post #17 of 34
Quote:
Originally Posted by FoodFreedomNow View Post


I strung fishing line with CDs and reflective Mylar tape pieces attached to it in a brushy area by a stream bed where hawks had taken several hens. I'm really not sure how effective it was - if you get strong winds, the CDs can spin themselves up in the line and around bushes, etc., so they don't reflect the way they're intended to, and they break off the line fairly easily. I ended up picking up a lot of CDs that just broke off the lines (along with bits of the Mylar tape...sigh).

There are a few different kinds of hawks out here, but the Cooper's and Red-Tailed are the hardest on our poultry. Cooper's hawks are smaller than RTH and they will walk in on their prey. The only RTH I've caught in the act was in the barn and it couldn't get out of there fast enough when it saw me. I think their preference is to swoop down on their prey.

One of the things that I think has really made a difference in hawk-related losses is having a new rooster who is not only extremely vigilant, but also doesn't brook disobedience from the girls. When he sounds the alarm, he expects all the girls to run to him and to shelter. Our previous rooster was more of a pretty boy who would let the girls wander off on their own. roll.png

Good luck!
we are unfortunately not allowed roosters. 😔 I hatched one and he is about 2 months. I hope to keep him til he starts crowing. Thanks for your experience.
post #18 of 34

Hawks are our #1 predator right now.  I've lost 3 chickens, including our Rooster, in the past four months, with the last hen being just last week.  It's always the same Cooper hawk.  There isn't much we can do.  My beagles sounded the alarm a month ago when the hawk had one of the chickens cornered by the run and I ran out and scared the hawk away.  I rehab'd the partially blinded chicken and she now has full sight and is back in the coop.  We want to try the fishing line, etc but our chicken yard is huge and don't see any real place to tie the line to.  We hate accepting the fact, but hawks, once they know of a reliable food source, are going to come back.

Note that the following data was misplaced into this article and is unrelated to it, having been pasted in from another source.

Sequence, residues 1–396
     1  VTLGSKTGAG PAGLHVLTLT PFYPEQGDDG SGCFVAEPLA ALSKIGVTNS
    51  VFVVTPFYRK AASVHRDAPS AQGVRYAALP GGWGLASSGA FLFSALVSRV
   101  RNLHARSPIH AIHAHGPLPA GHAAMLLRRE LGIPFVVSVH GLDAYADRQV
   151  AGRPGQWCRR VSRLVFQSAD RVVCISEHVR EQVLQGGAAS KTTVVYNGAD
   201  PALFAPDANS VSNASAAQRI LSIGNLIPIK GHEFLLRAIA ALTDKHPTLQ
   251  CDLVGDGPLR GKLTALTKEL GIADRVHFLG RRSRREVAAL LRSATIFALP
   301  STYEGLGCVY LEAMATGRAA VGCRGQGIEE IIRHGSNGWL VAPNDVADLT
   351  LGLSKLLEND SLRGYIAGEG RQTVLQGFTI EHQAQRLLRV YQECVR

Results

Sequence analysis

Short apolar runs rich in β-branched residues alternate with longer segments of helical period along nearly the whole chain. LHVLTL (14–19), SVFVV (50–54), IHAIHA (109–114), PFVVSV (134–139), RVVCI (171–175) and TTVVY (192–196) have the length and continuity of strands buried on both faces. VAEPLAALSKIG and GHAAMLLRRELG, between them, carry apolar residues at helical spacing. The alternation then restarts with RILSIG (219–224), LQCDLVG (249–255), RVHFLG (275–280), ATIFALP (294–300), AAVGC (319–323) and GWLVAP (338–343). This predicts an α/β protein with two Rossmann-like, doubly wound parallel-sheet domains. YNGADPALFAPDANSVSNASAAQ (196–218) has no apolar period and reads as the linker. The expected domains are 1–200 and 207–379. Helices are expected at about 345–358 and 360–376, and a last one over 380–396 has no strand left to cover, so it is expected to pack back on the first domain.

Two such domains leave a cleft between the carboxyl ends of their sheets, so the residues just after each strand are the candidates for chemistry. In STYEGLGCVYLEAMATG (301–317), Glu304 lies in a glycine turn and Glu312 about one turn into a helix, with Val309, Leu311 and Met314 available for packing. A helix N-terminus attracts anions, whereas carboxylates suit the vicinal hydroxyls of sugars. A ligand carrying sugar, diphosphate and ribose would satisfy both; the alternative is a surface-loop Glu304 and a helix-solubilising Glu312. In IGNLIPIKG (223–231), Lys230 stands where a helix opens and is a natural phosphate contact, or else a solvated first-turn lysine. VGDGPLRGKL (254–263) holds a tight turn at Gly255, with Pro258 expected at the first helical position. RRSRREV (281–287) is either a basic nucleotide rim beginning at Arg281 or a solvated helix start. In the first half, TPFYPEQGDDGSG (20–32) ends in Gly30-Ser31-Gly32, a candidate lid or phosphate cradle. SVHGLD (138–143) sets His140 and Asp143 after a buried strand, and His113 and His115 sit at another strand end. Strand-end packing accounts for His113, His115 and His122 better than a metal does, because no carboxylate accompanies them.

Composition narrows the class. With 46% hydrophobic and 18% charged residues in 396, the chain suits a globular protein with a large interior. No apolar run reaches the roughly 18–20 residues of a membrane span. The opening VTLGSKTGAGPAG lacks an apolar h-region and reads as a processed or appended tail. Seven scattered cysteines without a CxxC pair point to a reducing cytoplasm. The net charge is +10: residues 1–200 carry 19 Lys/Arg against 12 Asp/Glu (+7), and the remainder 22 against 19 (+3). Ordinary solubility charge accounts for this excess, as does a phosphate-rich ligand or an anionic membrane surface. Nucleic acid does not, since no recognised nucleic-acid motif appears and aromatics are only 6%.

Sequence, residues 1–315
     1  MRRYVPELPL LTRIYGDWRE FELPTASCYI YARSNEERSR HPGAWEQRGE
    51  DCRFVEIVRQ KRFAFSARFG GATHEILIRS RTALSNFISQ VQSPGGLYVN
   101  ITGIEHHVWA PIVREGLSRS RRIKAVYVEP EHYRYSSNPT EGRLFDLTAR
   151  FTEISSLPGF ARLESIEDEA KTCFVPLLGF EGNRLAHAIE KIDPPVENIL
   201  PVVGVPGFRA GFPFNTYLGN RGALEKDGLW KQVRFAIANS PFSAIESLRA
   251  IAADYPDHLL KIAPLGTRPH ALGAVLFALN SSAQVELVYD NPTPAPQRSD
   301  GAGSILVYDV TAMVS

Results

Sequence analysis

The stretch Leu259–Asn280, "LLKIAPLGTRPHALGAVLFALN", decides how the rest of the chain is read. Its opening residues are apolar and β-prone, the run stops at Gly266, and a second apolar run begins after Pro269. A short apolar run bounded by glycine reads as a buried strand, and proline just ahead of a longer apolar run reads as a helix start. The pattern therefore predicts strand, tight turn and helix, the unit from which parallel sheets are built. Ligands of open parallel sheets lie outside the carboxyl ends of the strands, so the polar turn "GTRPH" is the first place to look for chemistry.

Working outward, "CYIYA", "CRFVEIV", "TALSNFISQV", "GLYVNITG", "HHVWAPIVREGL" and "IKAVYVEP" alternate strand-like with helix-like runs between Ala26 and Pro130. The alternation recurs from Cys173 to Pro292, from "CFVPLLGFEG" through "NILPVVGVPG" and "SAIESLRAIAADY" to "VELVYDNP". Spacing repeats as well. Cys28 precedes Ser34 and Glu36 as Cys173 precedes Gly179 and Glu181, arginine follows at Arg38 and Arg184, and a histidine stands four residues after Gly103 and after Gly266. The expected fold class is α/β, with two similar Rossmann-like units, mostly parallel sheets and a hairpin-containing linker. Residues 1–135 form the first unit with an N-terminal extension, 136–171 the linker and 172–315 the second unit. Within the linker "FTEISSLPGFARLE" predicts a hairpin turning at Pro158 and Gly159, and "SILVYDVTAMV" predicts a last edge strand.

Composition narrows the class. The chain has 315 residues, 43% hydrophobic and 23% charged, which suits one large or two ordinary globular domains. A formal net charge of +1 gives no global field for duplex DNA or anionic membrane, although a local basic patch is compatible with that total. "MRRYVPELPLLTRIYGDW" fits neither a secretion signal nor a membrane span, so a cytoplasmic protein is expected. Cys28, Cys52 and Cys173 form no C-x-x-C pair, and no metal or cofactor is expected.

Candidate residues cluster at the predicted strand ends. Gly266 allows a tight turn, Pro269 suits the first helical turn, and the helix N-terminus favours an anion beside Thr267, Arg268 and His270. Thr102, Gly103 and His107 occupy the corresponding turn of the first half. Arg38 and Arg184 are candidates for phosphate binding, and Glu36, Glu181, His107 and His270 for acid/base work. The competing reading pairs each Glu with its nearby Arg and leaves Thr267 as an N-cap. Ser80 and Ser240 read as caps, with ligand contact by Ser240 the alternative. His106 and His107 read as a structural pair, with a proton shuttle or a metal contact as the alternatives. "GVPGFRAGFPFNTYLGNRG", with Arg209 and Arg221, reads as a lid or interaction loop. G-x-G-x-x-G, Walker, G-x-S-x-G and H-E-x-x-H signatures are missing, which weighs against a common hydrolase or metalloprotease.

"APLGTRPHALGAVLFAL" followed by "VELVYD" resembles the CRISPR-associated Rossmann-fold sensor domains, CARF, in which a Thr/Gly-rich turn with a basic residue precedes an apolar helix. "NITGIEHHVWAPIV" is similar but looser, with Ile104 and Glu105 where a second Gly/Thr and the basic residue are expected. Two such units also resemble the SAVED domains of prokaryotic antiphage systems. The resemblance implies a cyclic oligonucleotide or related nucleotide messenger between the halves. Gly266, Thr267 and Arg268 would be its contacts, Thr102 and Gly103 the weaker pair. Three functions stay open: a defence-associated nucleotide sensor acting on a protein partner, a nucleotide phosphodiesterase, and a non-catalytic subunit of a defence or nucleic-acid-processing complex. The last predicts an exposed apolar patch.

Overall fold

RSL, Buffs, RIR, Amber Rocks, GLWs and EEs. 
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RSL, Buffs, RIR, Amber Rocks, GLWs and EEs. 
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post #19 of 34
Quote:
Originally Posted by Lelilamom View Post
 

Hawks are our #1 predator right now.  I've lost 3 chickens, including our Rooster, in the past four months, with the last hen being just last week.  It's always the same Cooper hawk.  There isn't much we can do.  My beagles sounded the alarm a month ago when the hawk had one of the chickens cornered by the run and I ran out and scared the hawk away.  I rehab'd the partially blinded chicken and she now has full sight and is back in the coop.  We want to try the fishing line, etc but our chicken yard is huge and don't see any real place to tie the line to.  We hate accepting the fact, but hawks, once they know of a reliable food source, are going to come back.

 

 

In these types of situations there is only one thing to do..............

post #20 of 34
Quote:
Originally Posted by scooter147 View Post
 

 

 

In these types of situations there is only one thing to do..............

Develop a taste for Hawk?

RSL, Buffs, RIR, Amber Rocks, GLWs and EEs. 
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RSL, Buffs, RIR, Amber Rocks, GLWs and EEs.